This particular skill is mighty useful when facing cloaked operatives.
You can even talk your way out of (or into) certain situations if you so choose. Some characters respond well to empathy; others prefer tough love. If you prefer charming your way past obstacles, you will enjoy the related augmentation, which unveils personality details on your conversation partner, among other helpful features. Adam himself doesn't infuse these talks with much character. He speaks with a dispassionate rasp, whether you respond to others with anti-tech rhetoric or empathize with your fellow augs. That said, he's much like the original's J. C. Denton in this regard, which should delight fans who want Human Revolution to be closer to that game than the oft-maligned Invisible War. In any case, your dialogue choices influence how certain quest details play out and might open up additional avenues. (For example, you might be able to gain unhindered access to a police station rather than have to sneak around.) Furthermore, your decisions determine which of the game's several endings you receive.
It's both fascinating and frustrating that Human Revolution, a game that's special precisely because it allows you so much freedom, would occasionally force you into a single style of play. This is especially true of the boss fights, most of which turn this free-form, do-it-your-way role-playing action game into a shooter. This may not annoy you too much if you've been playing it as one, but if you've built yourself up as a stealth star, a hacking hero, or a jack-of-all trades, boss encounters are not a welcome change of pace. Not only does forcing you to shoot feel out of place in a game that generally rewards you for keeping your foes alive, but the fights also aren't that fun on their own terms. Once you figure out your enemy's pattern, you just repeat the same moves until you whittle down his or her inflated life bar. (A life bar, mind you, that you cannot see.) On the flipside, a few side quests require you to hack locks of a particular level, which might frustrate action-oriented players who don't want to forgo the quests but also don't want to be forced into buying augmentations they don't particularly want.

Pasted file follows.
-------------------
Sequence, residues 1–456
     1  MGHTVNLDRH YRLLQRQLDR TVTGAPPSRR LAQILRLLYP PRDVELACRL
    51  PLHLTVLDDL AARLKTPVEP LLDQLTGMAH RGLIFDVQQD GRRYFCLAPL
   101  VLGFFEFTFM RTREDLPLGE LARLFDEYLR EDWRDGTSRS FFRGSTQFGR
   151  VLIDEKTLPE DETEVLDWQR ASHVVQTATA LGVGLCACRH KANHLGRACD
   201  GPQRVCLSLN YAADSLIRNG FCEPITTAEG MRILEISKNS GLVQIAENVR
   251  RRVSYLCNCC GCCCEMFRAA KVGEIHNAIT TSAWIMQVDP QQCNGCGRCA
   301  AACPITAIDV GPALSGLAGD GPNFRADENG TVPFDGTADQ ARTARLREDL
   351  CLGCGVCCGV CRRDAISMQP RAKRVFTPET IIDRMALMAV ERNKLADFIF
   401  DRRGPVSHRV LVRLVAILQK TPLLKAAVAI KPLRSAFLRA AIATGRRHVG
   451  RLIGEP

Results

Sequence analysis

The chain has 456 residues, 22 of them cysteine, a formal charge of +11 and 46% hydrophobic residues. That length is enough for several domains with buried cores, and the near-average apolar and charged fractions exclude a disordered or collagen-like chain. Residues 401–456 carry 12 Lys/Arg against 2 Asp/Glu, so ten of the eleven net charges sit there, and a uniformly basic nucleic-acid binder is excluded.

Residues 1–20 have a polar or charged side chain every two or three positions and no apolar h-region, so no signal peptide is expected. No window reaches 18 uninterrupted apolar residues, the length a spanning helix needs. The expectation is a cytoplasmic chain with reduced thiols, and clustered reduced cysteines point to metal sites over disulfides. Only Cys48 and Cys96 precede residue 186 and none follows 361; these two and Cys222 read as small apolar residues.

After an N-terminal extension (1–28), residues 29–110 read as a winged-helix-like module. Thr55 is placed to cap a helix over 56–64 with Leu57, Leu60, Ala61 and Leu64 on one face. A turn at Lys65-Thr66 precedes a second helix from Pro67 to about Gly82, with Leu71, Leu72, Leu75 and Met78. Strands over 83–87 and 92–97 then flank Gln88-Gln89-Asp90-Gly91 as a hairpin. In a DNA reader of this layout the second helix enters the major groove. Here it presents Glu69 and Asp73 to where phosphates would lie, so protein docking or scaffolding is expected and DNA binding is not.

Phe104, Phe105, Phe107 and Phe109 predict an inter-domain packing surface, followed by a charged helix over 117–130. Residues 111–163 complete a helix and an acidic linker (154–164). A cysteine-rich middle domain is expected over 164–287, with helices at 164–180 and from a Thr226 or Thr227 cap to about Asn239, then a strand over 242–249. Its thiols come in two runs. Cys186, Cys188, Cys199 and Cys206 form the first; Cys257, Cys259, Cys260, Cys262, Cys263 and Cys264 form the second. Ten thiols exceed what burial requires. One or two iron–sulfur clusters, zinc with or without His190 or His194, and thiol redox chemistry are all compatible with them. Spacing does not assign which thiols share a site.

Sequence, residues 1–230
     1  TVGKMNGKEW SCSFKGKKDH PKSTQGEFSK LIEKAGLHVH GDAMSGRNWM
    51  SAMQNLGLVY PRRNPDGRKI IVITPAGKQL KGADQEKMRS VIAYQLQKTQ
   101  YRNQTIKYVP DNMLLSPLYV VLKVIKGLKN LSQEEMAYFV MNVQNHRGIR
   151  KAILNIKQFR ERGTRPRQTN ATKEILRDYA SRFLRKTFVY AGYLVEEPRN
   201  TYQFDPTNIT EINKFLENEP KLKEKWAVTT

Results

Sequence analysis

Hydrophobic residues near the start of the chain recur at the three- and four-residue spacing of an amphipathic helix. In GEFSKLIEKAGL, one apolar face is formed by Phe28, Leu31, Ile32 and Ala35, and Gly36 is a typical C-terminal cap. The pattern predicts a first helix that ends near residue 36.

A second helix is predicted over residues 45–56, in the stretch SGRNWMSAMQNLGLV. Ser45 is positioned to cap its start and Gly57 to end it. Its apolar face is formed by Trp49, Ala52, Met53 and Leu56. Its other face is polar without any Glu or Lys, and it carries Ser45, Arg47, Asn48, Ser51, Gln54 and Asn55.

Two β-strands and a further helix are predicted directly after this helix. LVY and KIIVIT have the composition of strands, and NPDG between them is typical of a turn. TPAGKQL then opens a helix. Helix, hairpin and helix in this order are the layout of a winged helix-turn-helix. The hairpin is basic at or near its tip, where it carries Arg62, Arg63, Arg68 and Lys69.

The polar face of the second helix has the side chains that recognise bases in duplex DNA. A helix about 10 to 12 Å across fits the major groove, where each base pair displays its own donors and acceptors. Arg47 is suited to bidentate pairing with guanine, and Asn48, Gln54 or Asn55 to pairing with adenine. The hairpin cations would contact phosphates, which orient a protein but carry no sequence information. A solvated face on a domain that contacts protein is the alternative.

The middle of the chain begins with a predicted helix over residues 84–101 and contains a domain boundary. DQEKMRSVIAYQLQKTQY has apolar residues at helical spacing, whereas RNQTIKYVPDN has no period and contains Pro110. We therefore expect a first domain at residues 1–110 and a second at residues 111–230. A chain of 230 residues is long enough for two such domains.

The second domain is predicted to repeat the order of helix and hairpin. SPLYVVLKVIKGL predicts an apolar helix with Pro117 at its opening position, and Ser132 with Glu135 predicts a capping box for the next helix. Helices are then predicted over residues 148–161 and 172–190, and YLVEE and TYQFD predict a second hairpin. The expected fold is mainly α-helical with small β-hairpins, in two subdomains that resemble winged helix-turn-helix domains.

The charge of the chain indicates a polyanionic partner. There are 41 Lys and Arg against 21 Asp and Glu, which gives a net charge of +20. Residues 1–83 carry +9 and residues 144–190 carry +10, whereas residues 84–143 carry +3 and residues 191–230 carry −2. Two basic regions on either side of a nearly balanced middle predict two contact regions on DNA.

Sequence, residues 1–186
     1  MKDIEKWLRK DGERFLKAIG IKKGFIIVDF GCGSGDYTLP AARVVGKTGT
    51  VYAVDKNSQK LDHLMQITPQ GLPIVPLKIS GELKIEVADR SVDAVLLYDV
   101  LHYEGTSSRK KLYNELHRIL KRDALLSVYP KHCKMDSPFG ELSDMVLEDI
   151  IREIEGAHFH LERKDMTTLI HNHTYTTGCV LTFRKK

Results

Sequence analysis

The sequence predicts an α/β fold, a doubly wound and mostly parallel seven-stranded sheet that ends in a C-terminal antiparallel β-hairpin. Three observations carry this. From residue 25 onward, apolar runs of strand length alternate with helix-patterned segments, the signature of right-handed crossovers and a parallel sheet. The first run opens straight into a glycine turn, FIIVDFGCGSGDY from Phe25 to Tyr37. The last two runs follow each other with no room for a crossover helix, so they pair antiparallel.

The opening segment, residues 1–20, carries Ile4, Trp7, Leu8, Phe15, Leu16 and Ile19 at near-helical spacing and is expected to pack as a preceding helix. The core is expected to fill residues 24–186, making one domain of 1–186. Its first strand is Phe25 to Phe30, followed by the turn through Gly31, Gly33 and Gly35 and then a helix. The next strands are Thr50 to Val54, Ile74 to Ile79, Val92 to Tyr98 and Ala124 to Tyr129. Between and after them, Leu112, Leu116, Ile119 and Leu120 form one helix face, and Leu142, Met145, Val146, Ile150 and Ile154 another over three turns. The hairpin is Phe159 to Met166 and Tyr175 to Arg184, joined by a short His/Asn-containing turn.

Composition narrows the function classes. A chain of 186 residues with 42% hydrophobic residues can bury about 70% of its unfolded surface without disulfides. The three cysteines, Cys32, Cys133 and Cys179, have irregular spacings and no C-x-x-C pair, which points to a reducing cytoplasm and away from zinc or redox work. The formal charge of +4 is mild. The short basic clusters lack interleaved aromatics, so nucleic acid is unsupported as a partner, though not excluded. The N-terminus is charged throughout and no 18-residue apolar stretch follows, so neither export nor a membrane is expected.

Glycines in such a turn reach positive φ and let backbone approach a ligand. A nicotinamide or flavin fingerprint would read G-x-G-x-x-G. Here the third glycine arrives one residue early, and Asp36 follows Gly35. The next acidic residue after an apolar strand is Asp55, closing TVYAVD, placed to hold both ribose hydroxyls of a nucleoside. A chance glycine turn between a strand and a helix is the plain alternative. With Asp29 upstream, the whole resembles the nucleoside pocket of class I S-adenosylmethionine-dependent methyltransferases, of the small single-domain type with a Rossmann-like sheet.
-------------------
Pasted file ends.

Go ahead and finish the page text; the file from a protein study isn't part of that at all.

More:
The right augmentation makes you a convincing conversationalist.
Don't let these imperfections dissuade you from playing Deus Ex: Human Revolution if you're so inclined. This is an extensive (20-plus hours) game that by the very nature of its complexity invites replay. It is true that many of its individual elements don't withstand close inspection. But those elements add up to an impressive and absorbing adventure that invites you to improvise. You glide from rooftops like a cyberpunk angel in a world on the brink of technological breakthroughs and socioeconomic disaster, and uncover conspiracies in the unlikeliest of places. The longer you play, the more the story grabs you and the more you appreciate the customizability of the game. Hybrid games like this are uncommon. Even more uncommon are games with Human Revolution's power to eclipse its quirks with such enthralling atmosphere and exciting adaptability.